Monthly Archives: January 2013

to stop without a farmhouse near

1/15/13

I totaled the car.

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To be fair, it happened a few days before New Year’s Eve, en route to picking up the ladies at the Albany airport back in New York, but we just got the news that it was a total loss.

It makes me sad because it was a steadfast and true car, one that Lucy had given special meaning when I said we were getting a car that had all-wheel drive for the ice. She replied, “Yes. It can also drive on ocean waves, over mountains, and even on HOT LAVA. It’s called Strongtaneous.”

Strongtaneous (a hybrid Ford Escape) did everything asked of her until a guy swerved into my lane, and I reacted with that slight twitch of the wheel – completely fine during normal circumstances, but in this snowstorm, it sent me into the guard rail, where I spun once, and managed to hit it again.

I’ve always prided myself on being able to drive in the snow, always having great reaction time and instincts, but this confluence of events put me into the highway barrier regardless. Thank god there was nobody else around on that godforsaken night, an hour into the blizzard.

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And so now we look for what Tessa’s calling Strongtaneous Deuxième. The insurance company is giving us almost full value for the car, so if any of you want to make us a little less blue, tell us of an SUV with great gas mileage, ready for winter, with room enough for both people and harebrained schemes.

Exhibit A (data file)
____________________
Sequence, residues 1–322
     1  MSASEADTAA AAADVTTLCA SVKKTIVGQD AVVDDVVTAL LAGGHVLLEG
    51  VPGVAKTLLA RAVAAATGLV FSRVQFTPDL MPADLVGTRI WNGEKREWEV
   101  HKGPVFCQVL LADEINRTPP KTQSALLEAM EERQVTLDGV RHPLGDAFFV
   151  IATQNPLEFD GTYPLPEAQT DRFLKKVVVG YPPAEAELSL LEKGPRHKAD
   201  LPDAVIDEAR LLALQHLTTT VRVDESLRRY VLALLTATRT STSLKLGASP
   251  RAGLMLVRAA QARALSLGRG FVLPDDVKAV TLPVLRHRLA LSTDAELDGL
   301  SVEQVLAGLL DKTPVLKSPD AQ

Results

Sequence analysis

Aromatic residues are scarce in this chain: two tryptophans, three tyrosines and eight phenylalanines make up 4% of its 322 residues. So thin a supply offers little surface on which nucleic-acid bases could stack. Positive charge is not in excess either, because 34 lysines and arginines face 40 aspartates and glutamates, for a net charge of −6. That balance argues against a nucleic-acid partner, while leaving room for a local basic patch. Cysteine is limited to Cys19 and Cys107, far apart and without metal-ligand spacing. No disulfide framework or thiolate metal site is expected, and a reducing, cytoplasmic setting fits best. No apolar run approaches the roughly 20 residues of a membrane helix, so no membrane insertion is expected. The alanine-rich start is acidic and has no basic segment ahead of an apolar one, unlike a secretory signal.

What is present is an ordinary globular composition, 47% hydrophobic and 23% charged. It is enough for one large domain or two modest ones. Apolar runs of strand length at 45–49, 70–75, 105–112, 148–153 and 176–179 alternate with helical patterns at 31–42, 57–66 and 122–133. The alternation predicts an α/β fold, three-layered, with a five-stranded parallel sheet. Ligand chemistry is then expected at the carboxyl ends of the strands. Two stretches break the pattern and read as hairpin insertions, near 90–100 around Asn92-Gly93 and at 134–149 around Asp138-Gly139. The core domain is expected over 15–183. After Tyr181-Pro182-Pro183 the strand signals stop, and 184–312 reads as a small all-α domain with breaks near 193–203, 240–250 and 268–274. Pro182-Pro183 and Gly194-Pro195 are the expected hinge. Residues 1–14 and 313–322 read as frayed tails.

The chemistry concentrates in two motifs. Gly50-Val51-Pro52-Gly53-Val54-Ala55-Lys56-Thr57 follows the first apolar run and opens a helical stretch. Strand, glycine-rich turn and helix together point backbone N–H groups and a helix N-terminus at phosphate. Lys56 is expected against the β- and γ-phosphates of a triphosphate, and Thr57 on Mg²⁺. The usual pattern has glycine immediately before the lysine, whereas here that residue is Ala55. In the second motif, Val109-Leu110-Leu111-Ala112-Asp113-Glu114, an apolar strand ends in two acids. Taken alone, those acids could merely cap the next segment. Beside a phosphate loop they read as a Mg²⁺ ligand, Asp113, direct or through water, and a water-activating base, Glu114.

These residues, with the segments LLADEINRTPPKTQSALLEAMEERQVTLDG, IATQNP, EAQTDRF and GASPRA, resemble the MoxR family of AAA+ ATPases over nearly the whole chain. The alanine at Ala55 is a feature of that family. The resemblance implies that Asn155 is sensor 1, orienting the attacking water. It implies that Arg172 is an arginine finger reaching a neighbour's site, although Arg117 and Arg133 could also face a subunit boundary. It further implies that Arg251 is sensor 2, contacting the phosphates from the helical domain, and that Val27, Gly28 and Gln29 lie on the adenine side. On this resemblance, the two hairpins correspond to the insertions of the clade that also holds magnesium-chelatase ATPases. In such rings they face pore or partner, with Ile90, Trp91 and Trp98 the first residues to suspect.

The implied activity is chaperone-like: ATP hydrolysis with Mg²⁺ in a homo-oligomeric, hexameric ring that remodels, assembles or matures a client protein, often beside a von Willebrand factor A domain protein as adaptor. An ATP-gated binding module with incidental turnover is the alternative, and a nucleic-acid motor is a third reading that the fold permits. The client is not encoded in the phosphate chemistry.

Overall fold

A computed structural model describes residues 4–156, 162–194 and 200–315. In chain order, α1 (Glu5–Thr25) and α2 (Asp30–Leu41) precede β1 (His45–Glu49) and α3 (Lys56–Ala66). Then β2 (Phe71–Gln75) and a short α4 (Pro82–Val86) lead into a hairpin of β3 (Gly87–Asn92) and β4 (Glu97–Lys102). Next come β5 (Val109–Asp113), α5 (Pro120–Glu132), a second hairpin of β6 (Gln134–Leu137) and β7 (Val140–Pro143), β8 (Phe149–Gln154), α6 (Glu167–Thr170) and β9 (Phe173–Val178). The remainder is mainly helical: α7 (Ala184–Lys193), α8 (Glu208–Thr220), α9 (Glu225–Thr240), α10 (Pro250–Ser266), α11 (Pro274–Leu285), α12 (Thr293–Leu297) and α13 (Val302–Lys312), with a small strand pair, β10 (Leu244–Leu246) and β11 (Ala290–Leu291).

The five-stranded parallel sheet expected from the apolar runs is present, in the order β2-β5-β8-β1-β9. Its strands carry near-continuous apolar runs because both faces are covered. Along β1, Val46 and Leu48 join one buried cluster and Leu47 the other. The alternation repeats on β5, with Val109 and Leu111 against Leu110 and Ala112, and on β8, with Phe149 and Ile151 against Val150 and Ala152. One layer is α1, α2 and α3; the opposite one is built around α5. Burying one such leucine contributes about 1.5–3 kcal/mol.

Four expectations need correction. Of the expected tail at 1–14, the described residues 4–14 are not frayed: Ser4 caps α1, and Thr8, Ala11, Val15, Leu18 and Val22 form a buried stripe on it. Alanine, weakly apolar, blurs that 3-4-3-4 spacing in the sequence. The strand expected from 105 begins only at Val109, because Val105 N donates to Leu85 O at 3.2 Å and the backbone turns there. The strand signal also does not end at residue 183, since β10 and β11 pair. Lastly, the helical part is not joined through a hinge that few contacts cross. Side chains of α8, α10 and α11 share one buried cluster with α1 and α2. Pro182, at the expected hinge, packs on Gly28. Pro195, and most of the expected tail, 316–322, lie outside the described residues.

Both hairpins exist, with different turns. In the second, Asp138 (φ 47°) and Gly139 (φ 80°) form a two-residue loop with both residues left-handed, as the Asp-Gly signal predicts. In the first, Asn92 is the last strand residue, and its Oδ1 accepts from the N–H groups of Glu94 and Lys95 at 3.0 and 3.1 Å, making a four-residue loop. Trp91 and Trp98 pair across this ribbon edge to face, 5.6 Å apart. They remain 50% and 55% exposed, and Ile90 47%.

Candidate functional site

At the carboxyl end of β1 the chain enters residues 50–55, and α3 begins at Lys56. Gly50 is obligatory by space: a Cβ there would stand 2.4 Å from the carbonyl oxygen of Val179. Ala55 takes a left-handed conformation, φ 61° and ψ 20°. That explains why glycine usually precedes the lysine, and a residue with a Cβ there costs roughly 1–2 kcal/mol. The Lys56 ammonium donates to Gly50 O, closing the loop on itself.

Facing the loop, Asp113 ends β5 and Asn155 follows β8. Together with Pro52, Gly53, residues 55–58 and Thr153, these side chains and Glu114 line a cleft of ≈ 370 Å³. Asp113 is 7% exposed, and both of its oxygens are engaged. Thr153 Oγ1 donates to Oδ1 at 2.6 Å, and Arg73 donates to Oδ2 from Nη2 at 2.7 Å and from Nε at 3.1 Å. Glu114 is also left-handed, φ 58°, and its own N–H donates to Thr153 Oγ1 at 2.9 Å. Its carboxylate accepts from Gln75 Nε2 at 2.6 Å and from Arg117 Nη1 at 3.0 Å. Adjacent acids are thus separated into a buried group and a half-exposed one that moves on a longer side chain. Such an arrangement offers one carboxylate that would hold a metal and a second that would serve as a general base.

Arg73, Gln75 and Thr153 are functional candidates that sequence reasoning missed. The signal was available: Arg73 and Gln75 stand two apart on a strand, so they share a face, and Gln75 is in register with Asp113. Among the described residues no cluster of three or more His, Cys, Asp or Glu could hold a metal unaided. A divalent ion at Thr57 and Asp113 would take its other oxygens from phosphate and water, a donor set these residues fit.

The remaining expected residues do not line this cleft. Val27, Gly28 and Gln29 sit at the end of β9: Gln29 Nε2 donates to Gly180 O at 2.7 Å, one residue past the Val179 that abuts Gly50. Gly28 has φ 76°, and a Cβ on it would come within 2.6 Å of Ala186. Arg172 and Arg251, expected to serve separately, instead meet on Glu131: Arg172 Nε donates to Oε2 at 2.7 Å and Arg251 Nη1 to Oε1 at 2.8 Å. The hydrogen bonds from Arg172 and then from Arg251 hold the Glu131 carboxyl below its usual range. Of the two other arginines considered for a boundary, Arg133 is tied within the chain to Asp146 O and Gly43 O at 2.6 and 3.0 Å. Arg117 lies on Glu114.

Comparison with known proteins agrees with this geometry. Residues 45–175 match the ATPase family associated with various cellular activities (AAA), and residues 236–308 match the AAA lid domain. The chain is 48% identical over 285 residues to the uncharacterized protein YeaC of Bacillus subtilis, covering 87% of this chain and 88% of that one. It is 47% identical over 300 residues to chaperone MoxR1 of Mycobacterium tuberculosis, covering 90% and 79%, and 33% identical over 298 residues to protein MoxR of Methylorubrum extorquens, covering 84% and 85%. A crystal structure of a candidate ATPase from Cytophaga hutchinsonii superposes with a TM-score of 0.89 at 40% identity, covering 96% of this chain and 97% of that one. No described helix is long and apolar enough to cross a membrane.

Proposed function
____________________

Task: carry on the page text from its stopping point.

priceless gem

1/14/13

While watching my beloved North Carolina men’s basketball team fight a very physical Florida State squad, I had something of a quiet epiphany. It was part-way through the 2nd half, and we were swapping the lead back and forth like fourth grade boys handling a frog. Reggie Bullock grabbed an offensive rebound, drove it back in for a basket, and I suddenly realized it was okay if we lost.

Losing is not something I enjoy, or something any of us Carolina fans are particularly used to, so after 27 years of rabid fanhood, it didn’t feel natural. But as I watched this young team begin to coalesce around a larger idea, I knew they had bought into the program, bought into each other, and were giving it everything they had. What more can you ask for?

I’m always amazed at fans who decide to stop watching when their team isn’t doing well, or inversely, only get excited when the tournament is on and we’ve got a shot. I’m particularly demoralized at the crop of UNC alums who have decided that the academic scandal surrounding the AFAM department and football team has rendered us damaged goods.

For me, it’s just as simple as believing in gravity or the reoccurrence of spring; hewing my spirit to the Heels is not a choice, it’s a natural phenomenon. I’ll watch them by myself at the farm and scream at the wall they’re projected on, just as loud as the times I’ve screamed in person at the Dean Dome, or with my brothers-in-arms on Cameron Avenue.

We ended up winning on Saturday against Florida State, a good old-fashioned barnburner in hostile territory. But the fact is this: we have no dead-eyed assassin from 27 feet; we have no 7-foot center able to instill his will; we have no point guard who will score 24 points when no one else can. Yet what we do have is the core group of electrons that can spin around the nucleus of the Carolina Way and be an element for the ages.